As soon as today, the Senate might vote on either (or both) of two lousy budget proposals, and boy have I got contact tools: from the Coalition on Human Needs, the National Women's Law Center, and NETWORK, the national Catholic social justice lobby (for the Ryan budget only). Long story short: both the Ryan budget and the Toomey budget do a terrible job of balancing the budget and a great job of cutting services people need and cutting taxes rich folks need to pay. The Ryan budget turns Medicare into a voucher program, whereby seniors get to spend a boatload more for the services they already get (and which, oddly enough, doesn't cut costs!). The Toomey budget doesn't cut Medicare, but makes even deeper spending cuts than the Ryan budget does, while cutting both high-income and corporate tax rates. Neither budget does what we as Americans must do: raise taxes on the rich, close corporate tax loopholes, and stimulate job creation so tax revenues go up again. Therefore, neither budget should pass.
Meanwhile, the California Supreme Court, in People v. Diaz, ruled that California state law permitted police officers to search any person's cell phone after they're arrested. Their reasoning? Cops get an exception from the Fourth Amendment: they can search the area immediately around the person after their arrest, so they can find and secure weapons and prevent evidence from being destroyed. But the Court ruled that cell phones could be searched, without a warrant, under this exception -- though a cell phone can't blow up in an officer's face or be considered "evidence" merely because it exists. Thus California cops can search your cell phone even if they have no reason to believe they'll find any evidence on it, and thus they can rummage though your calendar, your contact list, your emails, your texts, and your internet history. If that sounds a bit invasive, that's because it is. However, SB 914 would remedy this problem, simply by requiring that police get a warrant before they can search your cell phone, and the Electronic Freedom Foundation helps you support it if you're a California resident.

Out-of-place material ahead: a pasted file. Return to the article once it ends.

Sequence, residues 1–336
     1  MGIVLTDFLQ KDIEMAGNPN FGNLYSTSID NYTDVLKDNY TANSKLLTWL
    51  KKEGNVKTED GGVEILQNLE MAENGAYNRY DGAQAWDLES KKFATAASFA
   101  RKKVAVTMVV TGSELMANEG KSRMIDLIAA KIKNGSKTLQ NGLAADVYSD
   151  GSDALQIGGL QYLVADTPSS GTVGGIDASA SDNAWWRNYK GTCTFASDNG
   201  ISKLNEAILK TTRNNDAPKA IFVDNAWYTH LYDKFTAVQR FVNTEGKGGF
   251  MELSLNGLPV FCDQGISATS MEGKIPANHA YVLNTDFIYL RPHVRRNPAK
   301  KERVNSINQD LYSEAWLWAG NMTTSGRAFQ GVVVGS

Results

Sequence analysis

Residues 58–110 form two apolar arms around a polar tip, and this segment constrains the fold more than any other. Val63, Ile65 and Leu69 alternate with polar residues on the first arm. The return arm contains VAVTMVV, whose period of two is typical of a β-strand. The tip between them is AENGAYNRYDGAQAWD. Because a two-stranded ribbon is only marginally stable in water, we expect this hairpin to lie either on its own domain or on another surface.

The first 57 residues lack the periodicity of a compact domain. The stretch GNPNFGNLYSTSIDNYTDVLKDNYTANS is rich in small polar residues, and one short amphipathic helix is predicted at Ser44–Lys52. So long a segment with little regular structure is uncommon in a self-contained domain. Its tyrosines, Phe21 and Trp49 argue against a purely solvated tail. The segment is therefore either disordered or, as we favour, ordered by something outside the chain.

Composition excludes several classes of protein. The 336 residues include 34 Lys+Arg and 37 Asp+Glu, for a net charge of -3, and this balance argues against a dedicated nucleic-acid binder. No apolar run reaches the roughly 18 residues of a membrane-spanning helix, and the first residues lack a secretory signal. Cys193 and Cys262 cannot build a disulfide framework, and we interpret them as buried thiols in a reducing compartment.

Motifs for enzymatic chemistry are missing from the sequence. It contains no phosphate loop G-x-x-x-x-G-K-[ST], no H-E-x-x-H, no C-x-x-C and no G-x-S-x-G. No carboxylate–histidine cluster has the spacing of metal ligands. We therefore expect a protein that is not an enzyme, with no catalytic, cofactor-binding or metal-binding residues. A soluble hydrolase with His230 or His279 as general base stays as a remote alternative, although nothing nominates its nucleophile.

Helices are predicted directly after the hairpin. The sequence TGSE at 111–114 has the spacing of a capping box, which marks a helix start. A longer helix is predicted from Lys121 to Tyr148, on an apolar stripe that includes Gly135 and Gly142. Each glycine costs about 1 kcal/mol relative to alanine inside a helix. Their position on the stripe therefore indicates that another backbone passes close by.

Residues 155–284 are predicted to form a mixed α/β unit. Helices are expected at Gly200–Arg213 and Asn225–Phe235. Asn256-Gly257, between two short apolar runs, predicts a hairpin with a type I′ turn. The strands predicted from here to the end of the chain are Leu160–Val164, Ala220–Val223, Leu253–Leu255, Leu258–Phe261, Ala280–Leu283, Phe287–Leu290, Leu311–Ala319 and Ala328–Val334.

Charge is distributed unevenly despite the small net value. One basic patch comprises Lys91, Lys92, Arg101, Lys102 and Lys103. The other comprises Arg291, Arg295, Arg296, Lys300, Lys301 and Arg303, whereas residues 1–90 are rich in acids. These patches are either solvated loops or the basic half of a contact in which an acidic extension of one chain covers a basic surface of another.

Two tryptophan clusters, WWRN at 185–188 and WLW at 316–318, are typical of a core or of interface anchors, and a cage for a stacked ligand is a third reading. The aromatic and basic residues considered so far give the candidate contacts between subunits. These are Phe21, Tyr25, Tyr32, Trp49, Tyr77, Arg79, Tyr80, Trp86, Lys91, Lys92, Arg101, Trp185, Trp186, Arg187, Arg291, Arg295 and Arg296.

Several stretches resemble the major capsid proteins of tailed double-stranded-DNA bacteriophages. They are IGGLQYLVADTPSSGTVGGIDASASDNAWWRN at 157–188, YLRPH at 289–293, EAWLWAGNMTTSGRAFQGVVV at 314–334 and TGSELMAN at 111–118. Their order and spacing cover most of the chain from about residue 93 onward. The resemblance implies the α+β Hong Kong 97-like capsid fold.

Finally, the IKEA factory in Danville, Virginia, has been mistreating their workers: accusations include unionbusting, delayed raises, forced overtime, unsafe working conditions, and racial discrimination. So American Rights at Work helps you tell IKEA to do right by its Danville workers. Now this may not be a problem with IKEA, a Swedish corporation that does better by its workers elsewhere, so much as its American factory owner -- or it could be that IKEA chose the Danville location because they knew they could get away with paying their workers less money. Either way, IKEA specifically prohibits its subsidiaries from interfering with their workers' right to join a union and bargain collectively. So it's probably good that the CEO over in Sweden knows about it, then, isn't it? After all, they hate bad PR just as much as American corporations do. If you shop at IKEA, feel free to tell them you'll take your business elsewhere if they don't shape up. Don't laugh -- they want you to believe there's no one else in town, but it's a lie.